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Span and Gentry: Waiver Wire

Denard Span (ESPN: 38 percent owned; Yahoo!: 19 percent owned)

The Twins’ offense finally looks like it’s heading in the right direction. Through Wednesday night’s game, they’ve scored 68 runs, the most in baseball and just 20 runs shy of their total for the entire month of April. While the Twins are trending up, their leadoff man Denard Span is heading in the opposite direction in terms of ownership. As much as I like Span, and I like Span a lot, I understand entirely why owners are willing to jettison him so quickly: He’s a tweener.

Span has solid speed and will probably steal about 20 bases this year, but he’s no Michael Bourn or even Ben Revere. He’ll hit .290, maybe push his average over .300, but he’s probably not going to push into Melky Cabrera or Paul Konerko territory. His power isn’t Jason Tyner-level rare, but I’ll be surprised if he hits more than five home runs — which is exactly what the updated ZiPS has for him. There’s just no single reason that Span would be at the top of an owner’s Waiver Wire sort. He’s good across multiple categories, just rarely the leader in any one of them.

The closest thing Span has to an elite category is his batting average, which presently ranks 39th best in baseball among qualified hitters — his on-base percentage ranks slightly higher at 37 thanks in no small part to a 10.2 percent walk rate, his best mark since 2009 — and that’s even after an early June nose dive. Span’s drop in ownership coincides with a .143/.217/.143 start to the month, reflecting a little bit of unease among owners, since he hit .321/.387/.500 in the last half of May.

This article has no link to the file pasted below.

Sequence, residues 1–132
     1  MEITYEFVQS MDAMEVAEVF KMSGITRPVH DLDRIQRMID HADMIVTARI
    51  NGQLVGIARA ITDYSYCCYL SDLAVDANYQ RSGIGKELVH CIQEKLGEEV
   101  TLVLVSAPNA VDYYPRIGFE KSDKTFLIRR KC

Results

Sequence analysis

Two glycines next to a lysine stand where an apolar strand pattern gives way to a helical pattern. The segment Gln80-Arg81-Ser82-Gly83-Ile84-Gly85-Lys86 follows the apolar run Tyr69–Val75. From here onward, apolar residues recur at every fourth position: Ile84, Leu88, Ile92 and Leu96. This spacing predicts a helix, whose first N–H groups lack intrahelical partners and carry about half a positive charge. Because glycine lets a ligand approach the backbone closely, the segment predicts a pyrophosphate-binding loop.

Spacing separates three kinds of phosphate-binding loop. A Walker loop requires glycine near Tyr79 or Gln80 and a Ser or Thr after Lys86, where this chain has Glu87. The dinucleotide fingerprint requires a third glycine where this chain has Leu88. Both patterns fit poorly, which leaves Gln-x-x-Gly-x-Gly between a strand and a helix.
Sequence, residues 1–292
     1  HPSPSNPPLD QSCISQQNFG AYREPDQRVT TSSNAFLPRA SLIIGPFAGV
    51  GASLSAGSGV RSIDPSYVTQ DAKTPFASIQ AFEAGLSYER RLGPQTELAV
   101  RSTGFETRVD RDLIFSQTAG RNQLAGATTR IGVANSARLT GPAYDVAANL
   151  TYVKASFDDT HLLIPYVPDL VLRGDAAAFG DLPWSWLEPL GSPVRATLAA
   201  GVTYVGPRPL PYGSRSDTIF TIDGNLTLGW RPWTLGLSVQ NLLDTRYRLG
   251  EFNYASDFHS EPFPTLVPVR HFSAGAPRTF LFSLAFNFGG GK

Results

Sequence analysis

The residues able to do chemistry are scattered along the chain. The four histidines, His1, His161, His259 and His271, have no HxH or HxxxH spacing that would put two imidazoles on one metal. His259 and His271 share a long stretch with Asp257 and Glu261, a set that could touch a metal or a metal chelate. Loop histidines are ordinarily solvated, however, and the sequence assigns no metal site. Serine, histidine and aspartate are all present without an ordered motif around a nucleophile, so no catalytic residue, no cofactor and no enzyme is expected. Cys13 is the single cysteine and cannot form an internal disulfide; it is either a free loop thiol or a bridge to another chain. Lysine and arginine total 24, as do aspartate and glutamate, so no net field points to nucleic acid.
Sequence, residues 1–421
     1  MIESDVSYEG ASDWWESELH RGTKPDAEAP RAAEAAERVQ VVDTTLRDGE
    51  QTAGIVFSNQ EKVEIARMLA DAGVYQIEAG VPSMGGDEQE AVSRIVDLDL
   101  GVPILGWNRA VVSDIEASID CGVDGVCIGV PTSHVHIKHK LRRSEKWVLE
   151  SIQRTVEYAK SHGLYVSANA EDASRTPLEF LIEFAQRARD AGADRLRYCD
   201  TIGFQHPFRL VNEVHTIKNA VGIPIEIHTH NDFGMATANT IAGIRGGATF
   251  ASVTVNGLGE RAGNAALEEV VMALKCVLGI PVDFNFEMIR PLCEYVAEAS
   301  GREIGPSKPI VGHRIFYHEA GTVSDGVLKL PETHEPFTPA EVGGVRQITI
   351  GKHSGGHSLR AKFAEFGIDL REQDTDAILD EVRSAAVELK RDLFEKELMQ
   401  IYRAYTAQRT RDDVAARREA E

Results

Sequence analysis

In addition to his batting average and his solid-if-unspectacular number of steals, Span is in position to be driven in at a goodly rate. His aforementioned walk rate is pushing his OBP into the .350-.370 range, which means he’s on base a fair amount for the core of the Twins lineup — a healthy Joe Mauer, Justin Morneau, and Josh Willingham actually qualifies as a real life middle of the order — which has been relatively efficient in driving in runs. Again, it’s nothing that’s going to shock and amaze anyone, but it’s just another piece of the puzzle that makes Span more valuable than he may initially look.

If he’s available in AL-Only leagues, he’s definitely worth an add, though I suspect he’ll largely be gone. Deep mixed league players have a better chance to finding him on the wire and getting solid value from him, while those in 10-team or shallower leagues may do better looking for more category specific players to add.

Craig Gentry (ESPN: 0.4 percent owned; Yahoo! 1 percent owned)

Playing time was a little hard to come by for Gentry early in the season, but after a productive May in which he hit .298/.400/.362 with five stolen bases in 55 PAs, he’s seeing a bit more sunshine. He’s off to a torrid start in June, hitting .500/.560/.636 in 26 PAs thus far, but he hasn’t hit a home run and he’s only stolen one base, so his secondary value is pretty limited.

Though Craig “landed” Gentry plays in one of the most hitter friendly parks in baseball and in the lineup with the highest OPS so far this season, he doesn’t have much power of his own. His career high for home runs at any level is eight at Double-A, and while he did steal almost 50 bases that season, he’s had trouble challenging either of those marks again. His value is tied almost wholly to his average and on-base percentage as he may drive in a few runs and be driven in a few times, but he has to continue to hit for those things to happen.

His BABIP is just shy of .400. When he’s not playing every day, it’s difficult to say what’s high and what’s really too high to stay; I’m sure he’ll regress some with increased exposure, but does some mean 40 points or 90? Working in his favor is his excellent line drive rate, at 27 percent it really is the type of rate that can boost up a BABIP past where we normally expect them to land. Even though he is presently spraying line drives every which way, I just can’t see it lasting long enough to make him a rest-of-the-season play.

If average is a category of concern, I don’t at all mind essentially streaming Gentry. He’s hot right now, capitalize on that for a little bit of a boost, but don’t be afraid to drop him if the worm begins to turn, his line drives start looking a little more like fly balls, and regression kicks in.